This spindle copy will no doubt be used in the future for other projects so tuck it away in a secure place when done.  The spindle mating shoulder and the sleeve are what register the chuck to the spindle; the threads only apply the force to keep them together.

The drawing will give you an idea of what we will end up with (click to enlarge).  The length between the mating shoulder of the spindle and the threaded end should be the same on the spindle and the copy.  You can use the chuck that is not in use to verify the fit as you go along.  This is threaded at 8 TPI and since there has already been considerable discussion on threading I will take it that this needs no further input from me.  At the base of the sleeve place a shallow groove, perhaps 0.020-0.040” deep, this will remove any radius that your turning tool might have left.  You can easily do this with your cutoff tool; rotate the tool horizontally ever so slightly so that the edge of the tool does not scrape the shoulder of the spindle copy. Once this is complete we can move on to the adapter.

For the adapter I used a short piece of 3” diameter 1018 CRS.  The adapter is about 2.500” in length, if you have a longer piece of stock you can cut it off later and then face that end.  If the piece you have is more or less the needed length then true it up in the four-jaw chuck.  Once we finish the inside we will mount it on the spindle and have the spindle hold the work while we finish the outside.  The drawing shows the chuck adapter plate that goes on my 4 inch four-jaw chuck and its position relative to the spindle adapter and the key dimensions.

Step drill the material to open it up to 1.000”, when this is done take a light cut with a boring bar to clean up the inside.  Next open up the inside bore to 1.605”; this should correspond to your calculation of the minor diameter for a thread pitch of 8.  The depth of this larger bore is 1.407”; this will leave about 0.300 of material at the end of the bore.  The last step prior to threading is to open up the forward portion of the bore to 1.810”; the depth of this bore is 0.566”, this will leave a section about 0.841” long to thread at 8 TPI.  The diameter of this sleeve portion is very important, use your spindle copy to test the bore diameter as you get close to the final dimension.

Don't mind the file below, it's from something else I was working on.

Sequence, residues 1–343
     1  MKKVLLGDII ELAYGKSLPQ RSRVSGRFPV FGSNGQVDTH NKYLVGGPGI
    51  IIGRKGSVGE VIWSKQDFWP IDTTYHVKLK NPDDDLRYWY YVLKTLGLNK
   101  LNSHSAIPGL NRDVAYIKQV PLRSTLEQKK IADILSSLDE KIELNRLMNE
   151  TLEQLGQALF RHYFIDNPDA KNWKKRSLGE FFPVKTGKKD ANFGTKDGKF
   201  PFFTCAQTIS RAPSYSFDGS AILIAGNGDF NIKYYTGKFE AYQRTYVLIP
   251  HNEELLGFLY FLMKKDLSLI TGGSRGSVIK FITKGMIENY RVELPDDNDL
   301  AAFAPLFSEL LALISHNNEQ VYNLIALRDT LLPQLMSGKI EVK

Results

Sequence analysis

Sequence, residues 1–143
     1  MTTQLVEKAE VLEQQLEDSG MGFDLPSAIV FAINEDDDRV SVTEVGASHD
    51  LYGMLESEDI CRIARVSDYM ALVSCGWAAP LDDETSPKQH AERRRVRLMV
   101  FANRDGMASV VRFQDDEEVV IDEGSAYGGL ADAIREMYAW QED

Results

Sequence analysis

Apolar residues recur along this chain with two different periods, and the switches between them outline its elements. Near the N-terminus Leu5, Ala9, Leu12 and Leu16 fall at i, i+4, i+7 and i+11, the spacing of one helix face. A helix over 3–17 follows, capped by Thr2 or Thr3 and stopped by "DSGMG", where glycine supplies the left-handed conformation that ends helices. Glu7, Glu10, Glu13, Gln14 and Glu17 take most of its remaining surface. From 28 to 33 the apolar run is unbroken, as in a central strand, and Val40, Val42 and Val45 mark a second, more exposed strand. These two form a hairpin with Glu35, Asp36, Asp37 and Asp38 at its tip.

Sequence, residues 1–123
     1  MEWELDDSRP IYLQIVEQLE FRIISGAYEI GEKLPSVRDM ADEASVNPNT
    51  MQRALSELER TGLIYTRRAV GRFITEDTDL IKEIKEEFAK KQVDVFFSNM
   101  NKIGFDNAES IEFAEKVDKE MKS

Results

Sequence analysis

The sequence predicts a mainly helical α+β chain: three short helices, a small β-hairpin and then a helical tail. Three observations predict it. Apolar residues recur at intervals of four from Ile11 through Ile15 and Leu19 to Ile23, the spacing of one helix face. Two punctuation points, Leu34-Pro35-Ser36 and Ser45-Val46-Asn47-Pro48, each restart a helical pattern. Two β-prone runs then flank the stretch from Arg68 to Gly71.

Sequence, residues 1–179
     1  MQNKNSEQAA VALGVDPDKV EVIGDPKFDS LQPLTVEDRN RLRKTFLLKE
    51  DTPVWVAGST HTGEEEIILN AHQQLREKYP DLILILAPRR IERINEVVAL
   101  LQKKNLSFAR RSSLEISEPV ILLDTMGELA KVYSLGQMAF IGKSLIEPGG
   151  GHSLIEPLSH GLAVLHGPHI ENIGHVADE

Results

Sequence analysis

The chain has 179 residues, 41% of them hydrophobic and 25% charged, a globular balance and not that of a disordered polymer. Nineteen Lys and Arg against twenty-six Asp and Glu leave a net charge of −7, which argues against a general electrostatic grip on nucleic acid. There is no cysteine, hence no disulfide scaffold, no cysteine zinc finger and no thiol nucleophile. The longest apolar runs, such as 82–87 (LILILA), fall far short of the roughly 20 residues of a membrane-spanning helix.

You are threading up to a shoulder so slow and easy cuts are best.  If you have a DRO that will help keep you out of harms way, if not then use a dial indicator to keep track of your depth.  I ground my threading cutter from a 5/16” tool blank; all of my other internal threading tools had too much overhang.   Keep in mind this is an internal thread and you are cutting right to left so the cutter edge closest to the spindle must have the rake, seven degrees or so should do the trick.  I rotate my compound around so that it addresses the spindle axis at 29.5 from perpendicular and feeding toward the operator.  I feed with the compound and when I reach the end I use the cross slide to retract the cutter and then reverse the motor to back out.  Use plenty of lubricant; MolyDee is my choice and my benchmark for all cutting fluids.  If this is your first internal thread this is a good project to start with since the threads and the bore are large giving good visibility.